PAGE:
Stone Mission Warehouse Apricot is the inaugural release. The base beer was soured, then blended with barrel-aged barleywine and a strong, highly-hopped tripel. Those two threads were aged on three different strains of Brettanomyces yeast. To top it all off, Stone shoved 500 pounds of peaches into the 4 oak barrels used to age this new release. The process took 18 months to complete.
Stone Mission Warehouse Sour is on sale now through Eventbrite. 4-packs of Apricot must be picked up at Stone’s company store in Escondido, Liberty Station or Pasadena from December 3 through 31st.
Image: Stone Brewing
Billed as the “loftiest sour” they’ve ever crafted, New Belgium Geisha debuts.
There are a lot of elements at play in this La Folie Grand Reserve release. First, the name “Geisha”. It comes from the highly sought after Geisha coffee bean that hails from Ethiopia. It found international fame after the bean was imported to Panama and produced by Hacienda La Esmerelda. The family-run coffee grower submitted the bean to the Best of Panama Auction in 2004, winning first place. The Geisha bean continued to win five more times from 2005 to 2010. Basically, it’s a badass.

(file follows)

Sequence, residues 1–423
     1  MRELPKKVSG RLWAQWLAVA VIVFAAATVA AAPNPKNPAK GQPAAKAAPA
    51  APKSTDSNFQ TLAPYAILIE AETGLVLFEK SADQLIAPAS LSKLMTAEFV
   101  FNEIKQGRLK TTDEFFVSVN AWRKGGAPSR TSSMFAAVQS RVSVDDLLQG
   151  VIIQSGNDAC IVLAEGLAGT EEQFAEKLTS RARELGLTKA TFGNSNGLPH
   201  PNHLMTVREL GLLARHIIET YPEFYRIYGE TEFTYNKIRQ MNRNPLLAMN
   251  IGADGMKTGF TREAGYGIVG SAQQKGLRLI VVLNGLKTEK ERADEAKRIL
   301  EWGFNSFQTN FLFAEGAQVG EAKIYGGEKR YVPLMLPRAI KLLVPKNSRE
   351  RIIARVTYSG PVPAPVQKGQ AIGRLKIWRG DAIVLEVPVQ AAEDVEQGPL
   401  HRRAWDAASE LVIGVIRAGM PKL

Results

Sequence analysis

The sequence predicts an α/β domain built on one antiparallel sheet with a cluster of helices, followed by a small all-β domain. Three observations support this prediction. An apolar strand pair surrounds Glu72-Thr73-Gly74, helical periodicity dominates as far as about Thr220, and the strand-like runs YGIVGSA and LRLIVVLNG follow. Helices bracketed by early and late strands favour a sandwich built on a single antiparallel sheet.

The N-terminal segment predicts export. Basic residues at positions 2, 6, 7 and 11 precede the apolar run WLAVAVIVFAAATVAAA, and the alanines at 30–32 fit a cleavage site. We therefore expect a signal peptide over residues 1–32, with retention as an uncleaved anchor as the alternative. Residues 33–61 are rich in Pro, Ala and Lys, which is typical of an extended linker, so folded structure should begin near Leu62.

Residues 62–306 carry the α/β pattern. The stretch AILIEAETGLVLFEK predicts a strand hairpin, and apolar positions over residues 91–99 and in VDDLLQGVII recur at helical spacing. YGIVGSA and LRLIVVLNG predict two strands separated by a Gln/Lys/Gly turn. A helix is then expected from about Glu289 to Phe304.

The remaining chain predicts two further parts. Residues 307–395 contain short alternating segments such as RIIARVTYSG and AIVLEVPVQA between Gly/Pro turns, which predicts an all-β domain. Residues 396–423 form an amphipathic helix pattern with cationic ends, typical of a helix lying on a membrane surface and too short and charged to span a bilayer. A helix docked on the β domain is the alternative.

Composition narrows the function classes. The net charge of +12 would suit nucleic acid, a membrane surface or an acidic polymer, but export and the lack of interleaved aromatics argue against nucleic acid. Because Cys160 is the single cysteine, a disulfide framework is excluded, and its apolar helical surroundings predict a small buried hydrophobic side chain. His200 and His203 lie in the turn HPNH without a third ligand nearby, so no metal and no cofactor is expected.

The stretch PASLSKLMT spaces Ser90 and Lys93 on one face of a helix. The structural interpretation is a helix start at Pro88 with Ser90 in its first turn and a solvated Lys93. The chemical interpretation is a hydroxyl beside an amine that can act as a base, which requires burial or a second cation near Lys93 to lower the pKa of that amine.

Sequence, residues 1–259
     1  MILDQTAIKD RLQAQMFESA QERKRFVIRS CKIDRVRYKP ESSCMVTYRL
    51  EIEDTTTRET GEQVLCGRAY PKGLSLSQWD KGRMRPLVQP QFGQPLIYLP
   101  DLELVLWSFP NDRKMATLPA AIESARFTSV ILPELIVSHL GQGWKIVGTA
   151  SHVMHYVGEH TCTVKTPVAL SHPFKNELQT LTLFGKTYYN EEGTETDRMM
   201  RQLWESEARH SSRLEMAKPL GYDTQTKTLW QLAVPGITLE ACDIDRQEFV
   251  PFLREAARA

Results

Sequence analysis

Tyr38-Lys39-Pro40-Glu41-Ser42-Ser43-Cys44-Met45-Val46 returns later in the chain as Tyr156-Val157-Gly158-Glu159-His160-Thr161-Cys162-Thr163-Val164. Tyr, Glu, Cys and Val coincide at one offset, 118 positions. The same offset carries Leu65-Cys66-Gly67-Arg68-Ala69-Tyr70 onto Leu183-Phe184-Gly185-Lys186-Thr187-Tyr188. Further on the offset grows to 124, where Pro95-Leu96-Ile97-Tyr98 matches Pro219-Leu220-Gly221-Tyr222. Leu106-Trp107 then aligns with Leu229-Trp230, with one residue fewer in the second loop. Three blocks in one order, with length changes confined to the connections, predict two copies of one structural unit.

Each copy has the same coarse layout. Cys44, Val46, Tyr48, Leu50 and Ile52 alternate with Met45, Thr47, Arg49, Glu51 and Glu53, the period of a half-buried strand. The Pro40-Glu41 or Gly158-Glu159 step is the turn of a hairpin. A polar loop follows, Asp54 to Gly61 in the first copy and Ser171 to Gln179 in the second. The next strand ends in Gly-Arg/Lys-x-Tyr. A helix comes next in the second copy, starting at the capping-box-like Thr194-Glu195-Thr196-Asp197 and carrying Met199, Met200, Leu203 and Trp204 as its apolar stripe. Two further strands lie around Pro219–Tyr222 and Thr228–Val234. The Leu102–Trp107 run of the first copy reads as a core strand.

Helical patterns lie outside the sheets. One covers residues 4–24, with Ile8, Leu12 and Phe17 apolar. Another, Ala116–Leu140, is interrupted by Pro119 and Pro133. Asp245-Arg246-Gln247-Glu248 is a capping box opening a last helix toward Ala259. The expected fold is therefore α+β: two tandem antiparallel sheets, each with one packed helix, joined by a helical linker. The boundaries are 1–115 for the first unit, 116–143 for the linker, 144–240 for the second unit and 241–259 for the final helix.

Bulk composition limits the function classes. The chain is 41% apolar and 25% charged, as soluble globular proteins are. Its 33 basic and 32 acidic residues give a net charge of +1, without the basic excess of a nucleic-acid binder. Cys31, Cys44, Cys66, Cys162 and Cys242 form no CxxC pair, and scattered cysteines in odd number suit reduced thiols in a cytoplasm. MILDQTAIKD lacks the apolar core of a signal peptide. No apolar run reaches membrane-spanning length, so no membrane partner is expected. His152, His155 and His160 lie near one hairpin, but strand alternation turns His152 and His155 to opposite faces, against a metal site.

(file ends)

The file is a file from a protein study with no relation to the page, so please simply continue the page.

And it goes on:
New Belgium Wood Cellar Director Lauren Woods Limbach’s vision was to blend the Geisha bean’s delicate aromatics with the brewery’s sour beer Oscar. Incidentally, Oscar is the base beer that is blended into famed La Folie Sour Brown Ale. In order to do so, the brewery needed another “threaded” beer to make Geisha work.
Local Fort Collins-based Troubadour Maltings provided a few special malt varieties for a special beer to thread into Geisha. New Belgium calls is a “smuggler” beer, bringing in the oils needed for beer head retention, bridging the gap between Oscar, and the Geisha bean.
“There’s this apprehension to do right by Geisha. I’ve thought more about this beer than any beer I’ve made in my life. Not just because of the expense of the coffee, but because we’re attempting to put something that doesn’t have the classic coffee aroma—floral, tea, notes of citrus and stone fruit—into a coffee beer. – Lauren Woods Limbach
One of the world’s most exclusive coffee beans, an award-winning wild ale program, and an expert blender come together for what New Belgium hops is a truly unique and bold American wild ale.